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Airports cope with Mississippi River flood effectsAirports cope with Mississippi River flood effects

Cresting floodwaters exacted severe tolls on some airports, but spared many others along the Mississippi River as residents girded for action from Memphis, Tenn., into Mississippi and Louisiana on May 19.

Mississippi River flooding completely covers Yazoo County Airport in Yazoo, Miss.—one of the hard hit airports along the river.

A lone aircraft flies over the floodwaters.

The runway at Mississippi’s Vicksburg Municipal Airport are closed because of flooding.

Water levels rise, creeping onto the approach end of Runway 1 at Vicksburg Municipal Airport.

Xs are placed on the Vicksburg Municipal runway to signal its closure.

Taxiways near the runway are completely submerged at Vicksburg Municipal.

Roads and interchanges along the Mississippi River have been closed by the flooding.

Temporary yellow Xs at the ends of the runways at Vicksburg Municipal shut down the airport as the flood waters cover part of the runway.

The Memphis-area airports mostly fared well, but an exception was General Dewitt Spain Airport at the river’s edge, flooded and closed until further notice. Two based aircraft sought refuge at unaffected William L. Whitehurst Airport in Bolivar, Tenn., said Jerry Haser, the Hardeman County Airport Committee chairman. Others found safe haven at Charles W. Baker Airport in Millington, Tenn., said AOPA Airport Support Network (ASN) volunteer Joe Larkins.

To the north of the major flooding, St. Louis Downtown Airport was “unaffected by the flood” despite its proximity to the river, said ASN volunteer John Brendel. Just north of St. Louis, St. Charles County Smartt Airport “had water within 100 yards of the field but it never quite made it to the field. The access roads are on the other side, south of the field, and were not affected,” reported ASN volunteer Leo Lang.

“Yes, we had flooding,” said ASN volunteer Jeff Puckett of the Piggott, Ark., airport. “Ninety percent of the runway was covered in water for over 48 hours. The open front hangars and ramp were also flooded. No aircraft were damaged because of actions by owners to lift aircraft in the hangar and relocate the one aircraft on the ramp to a grass area above the water.”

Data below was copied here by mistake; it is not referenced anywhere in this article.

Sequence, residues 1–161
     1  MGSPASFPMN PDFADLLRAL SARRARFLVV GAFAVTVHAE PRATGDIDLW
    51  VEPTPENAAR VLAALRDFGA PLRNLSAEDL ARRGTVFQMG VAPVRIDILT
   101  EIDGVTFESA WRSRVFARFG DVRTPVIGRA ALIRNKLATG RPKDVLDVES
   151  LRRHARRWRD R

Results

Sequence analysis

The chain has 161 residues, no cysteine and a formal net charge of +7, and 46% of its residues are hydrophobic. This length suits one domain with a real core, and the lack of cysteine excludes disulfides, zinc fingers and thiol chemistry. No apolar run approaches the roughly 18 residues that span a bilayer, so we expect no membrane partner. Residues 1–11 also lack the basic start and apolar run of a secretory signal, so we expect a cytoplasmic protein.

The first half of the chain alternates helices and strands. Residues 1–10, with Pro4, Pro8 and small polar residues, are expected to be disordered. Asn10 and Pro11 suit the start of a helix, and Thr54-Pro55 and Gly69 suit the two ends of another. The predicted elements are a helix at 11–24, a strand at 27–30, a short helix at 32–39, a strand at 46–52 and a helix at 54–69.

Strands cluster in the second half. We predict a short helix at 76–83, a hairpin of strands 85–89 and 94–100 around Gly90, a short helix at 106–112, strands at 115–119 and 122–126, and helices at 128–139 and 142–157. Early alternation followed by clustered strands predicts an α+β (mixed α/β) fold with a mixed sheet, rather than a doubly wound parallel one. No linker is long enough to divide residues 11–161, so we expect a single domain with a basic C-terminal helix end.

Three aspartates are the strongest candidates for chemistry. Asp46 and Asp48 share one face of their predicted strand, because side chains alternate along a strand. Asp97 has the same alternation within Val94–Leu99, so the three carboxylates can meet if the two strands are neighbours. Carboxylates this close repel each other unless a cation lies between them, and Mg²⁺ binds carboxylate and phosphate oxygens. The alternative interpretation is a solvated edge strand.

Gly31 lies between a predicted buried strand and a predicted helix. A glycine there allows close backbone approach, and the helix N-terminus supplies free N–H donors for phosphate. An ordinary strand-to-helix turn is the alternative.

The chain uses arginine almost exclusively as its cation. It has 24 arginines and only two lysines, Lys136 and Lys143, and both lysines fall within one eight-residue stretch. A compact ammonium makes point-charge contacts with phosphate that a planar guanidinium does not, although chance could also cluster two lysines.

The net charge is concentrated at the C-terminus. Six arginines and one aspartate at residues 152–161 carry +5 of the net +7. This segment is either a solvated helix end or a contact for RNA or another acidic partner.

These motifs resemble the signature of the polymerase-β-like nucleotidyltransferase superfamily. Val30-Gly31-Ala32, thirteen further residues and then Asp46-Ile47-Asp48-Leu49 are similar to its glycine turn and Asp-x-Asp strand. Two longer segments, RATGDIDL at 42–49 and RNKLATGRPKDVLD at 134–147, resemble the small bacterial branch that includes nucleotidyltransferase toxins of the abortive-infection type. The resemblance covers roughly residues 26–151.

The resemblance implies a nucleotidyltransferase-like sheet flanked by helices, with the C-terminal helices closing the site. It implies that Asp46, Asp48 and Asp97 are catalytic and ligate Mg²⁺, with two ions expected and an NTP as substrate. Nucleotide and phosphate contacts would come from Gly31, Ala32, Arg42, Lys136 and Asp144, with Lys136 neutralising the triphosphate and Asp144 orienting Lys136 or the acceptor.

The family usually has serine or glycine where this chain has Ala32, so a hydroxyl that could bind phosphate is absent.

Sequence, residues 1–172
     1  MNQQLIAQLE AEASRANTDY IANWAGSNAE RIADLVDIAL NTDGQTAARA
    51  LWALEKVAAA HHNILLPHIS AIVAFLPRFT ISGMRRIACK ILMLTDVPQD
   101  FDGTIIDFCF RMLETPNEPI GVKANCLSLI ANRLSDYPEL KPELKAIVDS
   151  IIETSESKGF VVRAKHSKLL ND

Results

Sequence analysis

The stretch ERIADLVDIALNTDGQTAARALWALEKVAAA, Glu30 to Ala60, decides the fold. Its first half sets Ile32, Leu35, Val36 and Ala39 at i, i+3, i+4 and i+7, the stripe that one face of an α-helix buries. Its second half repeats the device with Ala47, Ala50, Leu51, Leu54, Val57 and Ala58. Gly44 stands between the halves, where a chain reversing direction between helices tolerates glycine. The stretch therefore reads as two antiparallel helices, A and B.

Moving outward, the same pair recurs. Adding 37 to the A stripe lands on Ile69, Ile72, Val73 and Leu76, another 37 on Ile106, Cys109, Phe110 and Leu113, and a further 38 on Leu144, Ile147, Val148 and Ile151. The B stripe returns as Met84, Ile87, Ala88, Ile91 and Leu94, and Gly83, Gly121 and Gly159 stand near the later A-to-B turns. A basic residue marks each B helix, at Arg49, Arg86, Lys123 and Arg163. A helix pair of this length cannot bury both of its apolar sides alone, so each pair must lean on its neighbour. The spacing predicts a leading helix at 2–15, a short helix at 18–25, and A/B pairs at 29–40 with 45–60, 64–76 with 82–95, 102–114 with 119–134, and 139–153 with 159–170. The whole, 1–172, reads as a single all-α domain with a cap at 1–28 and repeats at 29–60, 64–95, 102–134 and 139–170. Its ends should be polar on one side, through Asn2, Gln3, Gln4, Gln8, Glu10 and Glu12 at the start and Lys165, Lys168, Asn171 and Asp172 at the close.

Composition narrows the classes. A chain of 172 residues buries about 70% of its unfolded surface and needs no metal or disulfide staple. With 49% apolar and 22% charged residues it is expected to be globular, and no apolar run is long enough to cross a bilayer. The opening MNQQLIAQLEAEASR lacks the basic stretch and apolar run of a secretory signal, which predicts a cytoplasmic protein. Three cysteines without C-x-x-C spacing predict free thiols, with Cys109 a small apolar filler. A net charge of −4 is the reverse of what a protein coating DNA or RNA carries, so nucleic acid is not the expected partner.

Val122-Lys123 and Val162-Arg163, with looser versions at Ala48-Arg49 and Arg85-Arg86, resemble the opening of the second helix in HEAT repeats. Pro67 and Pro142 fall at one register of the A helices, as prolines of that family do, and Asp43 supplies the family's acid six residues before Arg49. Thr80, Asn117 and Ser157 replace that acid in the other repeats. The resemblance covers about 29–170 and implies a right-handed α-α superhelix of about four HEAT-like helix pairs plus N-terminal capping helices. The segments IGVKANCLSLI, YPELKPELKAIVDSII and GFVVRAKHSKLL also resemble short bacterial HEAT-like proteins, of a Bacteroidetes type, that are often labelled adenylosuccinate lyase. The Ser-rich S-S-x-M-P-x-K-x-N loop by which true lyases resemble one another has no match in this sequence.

South of Memphis, in the middle of the zone where waters were cresting late in the week, sits Byerley Airport, in Lake Providence, La., a single-runway strip just west of the river about 25 miles north of Vicksburg, Miss.

Lamar Perry answered the airport telephone early May 19.

“We’re open for business, for what it’s worth,” he said. 

Perry expressed some relief that crest forecasts for the river had been lowered at Vicksburg, as reported in the Vicksburg Post. The river had already topped to the north at Greenville, Miss., about a foot lower than early forecasts.

Sill, said Perry, the river was “real high,” and it would be a slow fall—two or three weeks perhaps—and he wouldn’t be breathing easier until the river was below the 50-foot level. 

As news flowed in from airports along the river about what the local media were now calling the Great Flood of 2011, a mixed picture emerged.

Waters early in the week start to cover Yazoo County Airport. Photo credit: Beth Duff

To the east at Yazoo City, Miss., the Yazoo County Airport sat under several feet of water in a region that suffered some of the worst damage from the flooding as backflow from the Mississippi River raised the smaller Yazoo River’s levels.

Fortunately, the based aircraft were able to get out of harm’s way before the flood arrived, said ASN volunteer Cantrell Wilson.

To the south, it was a closer call at Vicksburg Municipal Airport, where flood waters squeezed operations but did not appear to have caused serious damage.

“There’s a little bit of water on the south end of the runway, but nothing too bad,” said Operations Manager Frank May when contacted by AOPA on the morning of May 19. Displaced thresholds were in effect on the 5,000 foot Runway 01/19.

May said the river was expected to crest that morning at a lower level than originally predicted. The runway would be clear full length in a week and a half to two weeks, he predicted. Although no serious damage had been observed, runway lights would be inspected after they re-emerged from the water.

An employee who answered the telephone at nearby Vicksburg-Tallulah Regional Airport said operations there were unaffected.

Downriver, residents waited to see if the Army Corps of Engineers decision to open floodgates north of Louisiana’s biggest cities would spare those population centers the worst-case scenario of flood damage.

False River Regional Airport is open and dry,” reported ASN volunteer Alfred Spain of the airport in New Roads, La. “It is located between the Mississippi River levee system to the north and east and the Morganza Floodway levee system to the west. The only restriction has been an intermittent TFR (temporary flight restriction) for 5 nautical miles around the Morganza Floodway Gate Facility.”

“We have not had any flooding yet in the New Orleans area due to the opening of both the Bonnet Carre Spillway and subsequently the Morganza Spillway,” reported Erin Seidemann, ASN volunteer at Louis Armstrong New Orleans International Airport. “If the river levees hold, we are not expecting any flooding.”

There were occasional lighthearted moments to break the tension of the day’s reports. At Lake Providence, Perry reminded a caller not to expect either fuel or runway lights on arrival.

Flood damage?

“Lack of funds,” he replied.

Dan Namowitz

Dan Namowitz

Associate Editor Web
Associate Editor Web Dan Namowitz has been writing for AOPA in a variety of capacities since 1991. He has been a flight instructor since 1990 and is a 30-year AOPA member.

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